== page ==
Optimal Temperature and Humidity
Since leopard geckos can not regulate their temperature on their own, they need different temperature zones within their enclosure.
This temperature range is accomplished by placing an infrared heating lamp above the warm end, reaching temperatures between 85-90° degrees Fahrenheit (32° C).
Choosing an infrared heat lamp is essential because it emits a light which does not interfere with nocturnal animals like leopard geckos.
The ambient temperature in the middle should be close to 75° degrees Fahrenheit (24° C), and there shouldn’t be any heating lamp or other heat sources within this area.
The other end of the enclosure will naturally be cooler than the end with the heat lamp and provide a place for your leopard gecko to escape the heat.
Use a thermometer to monitor the temperatures inside your leopard gecko’s enclosure regularly.
The proper humidity inside a leopard gecko enclosure should be between 30%-40% on the cooler side.
Humidity should also be regularly checked using a hygrometer, as proper humidity is vital for many bodily functions of leopard geckos.
A dry environment will cause shedding problems, and too much moisture will lead to respiratory issues, skin infections, and fungal growth inside the enclosure.
Types of Substrate
Substrate is the material placed on the bottom of the leopard gecko’s enclosure used as a floor and bedding.
There are many substrate types, including reptile carpet, newspaper, shelf liners, tile, and bioactive substrates mimicking the leopard gecko’s natural environment.
A bioactive substrate is a great choice because it is low maintenance thanks to tank custodian insects’ help, and it also gives the leopard gecko a natural material to burrow and dig into.
Be aware of the contents of the bioactive substrate you choose, as sand particles will cause impaction in your gecko if accidentally ingested.
If you decide to use a bioactive substrate, regularly monitor your leopard gecko’s behavior and ensure they can defecate properly.
Impaction is very dangerous to geckos and requires medical attention from a veterinarian for proper treatment.
Whichever substrate you choose, daily waste removal and cleaning are required, and you should do deep cleaning of the enclosure at least once a month.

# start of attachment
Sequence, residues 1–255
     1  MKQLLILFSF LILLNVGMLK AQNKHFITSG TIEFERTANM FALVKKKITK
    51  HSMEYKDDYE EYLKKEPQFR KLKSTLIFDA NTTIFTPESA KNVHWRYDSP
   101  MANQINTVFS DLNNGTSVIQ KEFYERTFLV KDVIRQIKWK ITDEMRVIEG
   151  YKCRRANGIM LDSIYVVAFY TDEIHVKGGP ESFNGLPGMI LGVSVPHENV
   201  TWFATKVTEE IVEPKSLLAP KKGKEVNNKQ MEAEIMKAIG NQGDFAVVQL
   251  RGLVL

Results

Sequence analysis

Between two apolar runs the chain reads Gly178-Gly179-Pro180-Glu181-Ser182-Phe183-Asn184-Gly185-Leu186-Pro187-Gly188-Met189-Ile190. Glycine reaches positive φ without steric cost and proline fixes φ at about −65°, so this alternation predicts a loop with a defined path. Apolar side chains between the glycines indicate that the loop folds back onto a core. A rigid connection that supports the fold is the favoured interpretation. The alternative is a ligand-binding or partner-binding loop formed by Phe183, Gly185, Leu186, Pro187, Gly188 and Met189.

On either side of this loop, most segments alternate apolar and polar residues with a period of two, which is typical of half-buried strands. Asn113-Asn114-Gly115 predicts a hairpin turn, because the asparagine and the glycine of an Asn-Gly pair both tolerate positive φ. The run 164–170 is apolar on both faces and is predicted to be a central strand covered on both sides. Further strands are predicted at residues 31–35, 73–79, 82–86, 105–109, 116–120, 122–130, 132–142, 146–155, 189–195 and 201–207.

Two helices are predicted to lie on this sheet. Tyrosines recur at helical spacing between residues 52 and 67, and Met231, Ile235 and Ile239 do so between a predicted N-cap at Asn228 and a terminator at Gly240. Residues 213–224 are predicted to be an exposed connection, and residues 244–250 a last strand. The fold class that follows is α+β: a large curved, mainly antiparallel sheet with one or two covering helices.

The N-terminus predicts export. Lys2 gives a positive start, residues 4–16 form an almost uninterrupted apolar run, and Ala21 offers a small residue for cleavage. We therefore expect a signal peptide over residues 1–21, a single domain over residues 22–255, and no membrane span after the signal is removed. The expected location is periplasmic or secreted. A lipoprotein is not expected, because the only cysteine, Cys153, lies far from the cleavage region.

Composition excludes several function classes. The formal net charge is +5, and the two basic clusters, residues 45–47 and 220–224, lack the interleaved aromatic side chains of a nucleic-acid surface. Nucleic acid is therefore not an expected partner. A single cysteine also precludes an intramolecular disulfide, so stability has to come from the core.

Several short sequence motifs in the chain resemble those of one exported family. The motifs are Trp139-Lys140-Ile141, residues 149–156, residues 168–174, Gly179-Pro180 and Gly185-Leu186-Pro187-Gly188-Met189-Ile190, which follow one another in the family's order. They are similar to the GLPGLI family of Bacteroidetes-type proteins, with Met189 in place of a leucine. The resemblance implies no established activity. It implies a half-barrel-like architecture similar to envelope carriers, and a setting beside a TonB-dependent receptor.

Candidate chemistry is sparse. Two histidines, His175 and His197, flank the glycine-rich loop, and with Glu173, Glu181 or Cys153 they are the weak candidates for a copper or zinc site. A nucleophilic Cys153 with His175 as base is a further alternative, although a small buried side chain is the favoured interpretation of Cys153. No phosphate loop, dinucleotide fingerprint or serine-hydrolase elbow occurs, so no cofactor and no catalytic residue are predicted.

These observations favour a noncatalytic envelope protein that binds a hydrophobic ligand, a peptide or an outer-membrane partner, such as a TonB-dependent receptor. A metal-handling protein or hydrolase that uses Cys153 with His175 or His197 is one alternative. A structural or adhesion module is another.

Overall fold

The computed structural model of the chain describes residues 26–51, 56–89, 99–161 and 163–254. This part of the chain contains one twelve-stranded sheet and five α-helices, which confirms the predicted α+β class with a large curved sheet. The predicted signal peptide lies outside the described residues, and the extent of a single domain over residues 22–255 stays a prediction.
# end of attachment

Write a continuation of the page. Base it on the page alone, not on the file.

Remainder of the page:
For deep cleaning, you should remove everything from the enclosure, including the substrate.
Thoroughly clean any habitat accessories such as feeding dishes and hiding spots in addition to the enclosure tank itself, and allow to dry before putting the habitat back together.
If you are nursing a sick leopard gecko back to health, keep the enclosure simple, and use a paper towel substrate.
The paper towels should be changed several times a day to ensure the habitat is as clean as possible to allow for your gecko to properly heal.
The Leopard Gecko’s Diet
Leopard gecko’s are insectivores, meaning their diet consists of live insects and cannot digest plant fibers.
A leopard gecko is only attracted to live prey, and they will not find dead or freeze-dried insects very appealing.
Common insects to include in your gecko’s diet include mealworms, crickets, dubia roaches, hornworms, silkworms, waxworms, and small locusts.
Mealworms and waxworms have a high amount of fat, so they should be fed sparingly as a treat.
Never feed your leopard geckos bugs which glow, such as lightning bugs or fireflies, as they are very toxic to geckos and will cause death.
Besides providing a variety of live insects, the feeder insects must be properly gut-loaded.
Gut loading involves feeding the insects a healthy diet consisting of dark leafy greens and vegetables regularly and making sure these insects are fed to your leopard gecko within 12-24 hours.
The process of gut loading ensures the insects can provide your gecko with important nutrients.
An empty feeder insect offers very little nutritional value when compared to an insect properly gut-loaded.
You will also need to add a vitamin supplement to your leopard gecko’s diet.
Even properly gut-loaded feeder insects do not provide all of the nutrients your gecko requires.
Insects’ main issue is their low calcium to phosphorus ratio, meaning they contain more phosphorus than calcium.
While phosphorus is necessary to properly metabolize some vitamins and minerals, too much phosphorus has the opposite effect and will inhibit metabolization.